Isn’t it funny how your interpretation of a book can change completely between reading something as a child and then re-reading it as an adult?  The librarians at O’Fallon have been considering this issue as it relates to classic literature, notably, The Lord of the Rings trilogy by Tolkien.

Historical Perspectives

At first reading of this classic tale, we instantly fall into a fantasy universe.  We have dwarves, trolls, wizards, elves.  There are magic rings, fabled swords, and rich lore. It is the epitome of the fantasy genre.  It is, however, also a most-clever history lesson.

It should be noted up front that Tolkien has stated that his work is not based on real-life events.  “An author cannot of course remain wholly unaffected by his experience,” Tolkien acknowledged, but he strongly denied that his story was an allegory for World War I or II (Quoted from The Lord of the Rings: The Mythology of Power, Revised Edition, by Jane Chance, copyright 2001).  Tolkien, as you may know, served in World War I and had sons who fought in World War II.

Nevertheless, as you read (or watch) LoTR, the symbolism is palpable.  The Shire represents the romanticized past. People don’t lock their doors, the streets are clean, there’s no pollution and the pace of life is slow.  It’s essentially pre-Industrial Age England.  It’s idyllic.

The neighboring world is changing though.  In the interest of brevity, I’ll just list out some of the historical parallels without getting too nitty-gritty:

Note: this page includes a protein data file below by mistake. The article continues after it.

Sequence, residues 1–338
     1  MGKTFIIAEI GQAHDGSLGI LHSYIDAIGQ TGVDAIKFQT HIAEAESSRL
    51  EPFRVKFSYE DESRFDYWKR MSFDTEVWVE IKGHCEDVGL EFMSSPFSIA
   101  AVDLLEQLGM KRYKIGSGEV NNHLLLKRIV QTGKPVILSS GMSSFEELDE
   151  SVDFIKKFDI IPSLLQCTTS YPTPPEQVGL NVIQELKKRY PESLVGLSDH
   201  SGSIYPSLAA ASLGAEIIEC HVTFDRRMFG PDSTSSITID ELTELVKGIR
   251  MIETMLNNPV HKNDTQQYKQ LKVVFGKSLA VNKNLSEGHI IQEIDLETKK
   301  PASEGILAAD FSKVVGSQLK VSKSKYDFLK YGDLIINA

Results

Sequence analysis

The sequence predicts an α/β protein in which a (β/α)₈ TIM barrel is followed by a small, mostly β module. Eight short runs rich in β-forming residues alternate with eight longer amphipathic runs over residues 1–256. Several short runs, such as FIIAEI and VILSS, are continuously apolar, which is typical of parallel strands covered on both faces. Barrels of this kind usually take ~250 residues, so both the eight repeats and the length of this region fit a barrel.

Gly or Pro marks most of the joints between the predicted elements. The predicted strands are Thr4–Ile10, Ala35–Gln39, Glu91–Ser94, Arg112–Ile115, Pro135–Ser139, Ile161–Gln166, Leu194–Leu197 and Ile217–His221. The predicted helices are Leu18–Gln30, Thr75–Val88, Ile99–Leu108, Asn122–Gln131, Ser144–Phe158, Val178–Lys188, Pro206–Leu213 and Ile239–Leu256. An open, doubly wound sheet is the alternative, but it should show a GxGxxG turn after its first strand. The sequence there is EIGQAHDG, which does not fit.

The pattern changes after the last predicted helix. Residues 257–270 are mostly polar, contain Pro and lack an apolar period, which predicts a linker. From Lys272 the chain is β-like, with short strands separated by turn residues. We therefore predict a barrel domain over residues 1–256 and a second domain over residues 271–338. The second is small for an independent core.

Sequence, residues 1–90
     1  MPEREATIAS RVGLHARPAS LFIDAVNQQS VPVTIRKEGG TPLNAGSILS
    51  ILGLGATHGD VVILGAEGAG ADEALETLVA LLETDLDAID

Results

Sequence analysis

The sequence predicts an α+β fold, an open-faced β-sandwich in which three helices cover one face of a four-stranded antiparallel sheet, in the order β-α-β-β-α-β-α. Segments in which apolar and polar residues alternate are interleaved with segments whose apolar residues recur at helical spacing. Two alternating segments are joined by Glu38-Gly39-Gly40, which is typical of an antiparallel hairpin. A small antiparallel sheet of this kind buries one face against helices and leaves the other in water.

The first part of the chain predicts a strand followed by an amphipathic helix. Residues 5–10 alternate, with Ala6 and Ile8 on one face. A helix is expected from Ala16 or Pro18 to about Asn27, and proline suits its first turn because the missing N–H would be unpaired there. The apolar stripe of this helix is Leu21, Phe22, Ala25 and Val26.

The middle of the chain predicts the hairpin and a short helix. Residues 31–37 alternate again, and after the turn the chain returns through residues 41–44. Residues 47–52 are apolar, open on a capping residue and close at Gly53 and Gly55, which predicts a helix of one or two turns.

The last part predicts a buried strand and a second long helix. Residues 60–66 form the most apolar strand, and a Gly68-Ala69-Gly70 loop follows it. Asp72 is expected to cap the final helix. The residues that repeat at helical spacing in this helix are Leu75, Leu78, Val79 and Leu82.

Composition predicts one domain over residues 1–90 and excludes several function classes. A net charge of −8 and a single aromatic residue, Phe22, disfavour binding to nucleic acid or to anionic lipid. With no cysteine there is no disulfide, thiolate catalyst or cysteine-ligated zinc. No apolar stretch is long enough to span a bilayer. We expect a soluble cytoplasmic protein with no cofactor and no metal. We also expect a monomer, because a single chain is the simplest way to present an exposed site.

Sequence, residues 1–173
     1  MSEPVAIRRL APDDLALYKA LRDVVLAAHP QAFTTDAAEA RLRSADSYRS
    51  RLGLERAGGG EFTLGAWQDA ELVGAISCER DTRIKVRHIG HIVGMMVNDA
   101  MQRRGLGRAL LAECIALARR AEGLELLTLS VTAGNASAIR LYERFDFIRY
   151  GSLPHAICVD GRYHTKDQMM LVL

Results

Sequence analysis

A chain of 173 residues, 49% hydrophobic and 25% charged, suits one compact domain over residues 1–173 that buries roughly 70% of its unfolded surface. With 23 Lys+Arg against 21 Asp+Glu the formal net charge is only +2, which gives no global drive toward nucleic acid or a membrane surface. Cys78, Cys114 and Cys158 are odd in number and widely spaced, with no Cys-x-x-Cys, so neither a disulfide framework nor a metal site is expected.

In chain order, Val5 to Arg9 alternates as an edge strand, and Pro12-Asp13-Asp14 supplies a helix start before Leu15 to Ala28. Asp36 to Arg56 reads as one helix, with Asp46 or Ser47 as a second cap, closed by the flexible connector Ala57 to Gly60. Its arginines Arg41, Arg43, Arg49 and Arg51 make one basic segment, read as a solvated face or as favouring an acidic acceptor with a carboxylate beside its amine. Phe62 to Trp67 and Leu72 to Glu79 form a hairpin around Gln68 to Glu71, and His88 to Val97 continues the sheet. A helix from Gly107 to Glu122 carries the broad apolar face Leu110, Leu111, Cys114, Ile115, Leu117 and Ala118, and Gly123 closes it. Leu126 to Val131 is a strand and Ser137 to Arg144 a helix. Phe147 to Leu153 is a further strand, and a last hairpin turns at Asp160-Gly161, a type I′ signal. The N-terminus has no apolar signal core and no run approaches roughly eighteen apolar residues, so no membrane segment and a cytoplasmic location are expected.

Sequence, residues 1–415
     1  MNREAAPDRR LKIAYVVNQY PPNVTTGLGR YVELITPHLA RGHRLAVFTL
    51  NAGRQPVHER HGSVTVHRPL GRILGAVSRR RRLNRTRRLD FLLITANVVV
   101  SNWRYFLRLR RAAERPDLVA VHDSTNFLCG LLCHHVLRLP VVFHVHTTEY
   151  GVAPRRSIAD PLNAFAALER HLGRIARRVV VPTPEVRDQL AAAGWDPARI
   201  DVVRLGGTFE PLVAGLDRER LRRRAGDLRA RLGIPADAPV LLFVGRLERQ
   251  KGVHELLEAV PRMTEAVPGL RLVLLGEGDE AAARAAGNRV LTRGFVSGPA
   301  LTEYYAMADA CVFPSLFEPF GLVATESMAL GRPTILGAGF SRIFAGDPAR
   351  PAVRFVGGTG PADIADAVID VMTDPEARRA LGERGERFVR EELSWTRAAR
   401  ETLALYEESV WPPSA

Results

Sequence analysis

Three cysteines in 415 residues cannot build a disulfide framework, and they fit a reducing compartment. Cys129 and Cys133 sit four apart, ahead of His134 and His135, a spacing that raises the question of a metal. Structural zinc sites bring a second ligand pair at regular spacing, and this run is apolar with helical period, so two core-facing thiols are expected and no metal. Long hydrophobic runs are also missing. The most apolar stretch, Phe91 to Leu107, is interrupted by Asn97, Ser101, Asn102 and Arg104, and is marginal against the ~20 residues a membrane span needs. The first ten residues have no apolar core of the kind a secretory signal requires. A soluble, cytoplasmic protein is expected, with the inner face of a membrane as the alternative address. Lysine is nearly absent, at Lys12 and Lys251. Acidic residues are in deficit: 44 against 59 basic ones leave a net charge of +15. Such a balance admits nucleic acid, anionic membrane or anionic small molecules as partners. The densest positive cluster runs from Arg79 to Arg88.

• Saruman industrializes. His orc army raise the landscape, devastating an ancient forest of Treants (we still see this happening with urban sprawl and increased pollution).
  • A forgotten threat regains a footing in Mordor an launches a fresh attack (cough, cough Germany).
  • There’s a strong Axis and Allies parallel in the books as council meets in Rivendell to join forces. Likewise, the forces of evil are forging their own alliances.
  • Innocent citizens get caught in the mess, some seeking shelter at Helm’s Deep, others aren’t so lucky.
  • Leaders are torn at whether or not they should get involved, putting their armies and people at risk for “someone else’s war” (this is classic isolationism).
  • Then of course you have the specter of greed.  As we know, greed is a recurring theme in human history, just has it is in Middle Earth.  The dwarves dug too deep, Boromir couldn’t resist the ring, Saruman was corrupted by power, so on and so on.

If you have a decent understanding of World War I and II, I challenge you to keep these themes in mind the next time your enjoy LoTR.  You’ll find connections everywhere!

Like Tolkien, I’m not saying it is a direct allegory (far from it).  I’m just saying these themes exist.  Tolkien started creating Middle Earth while he was literally in the trenches.  He continued fill it out while his sons, and his continent, were at war.  It’s no wonder we can find these similarities between his fantasy world, and our real one.


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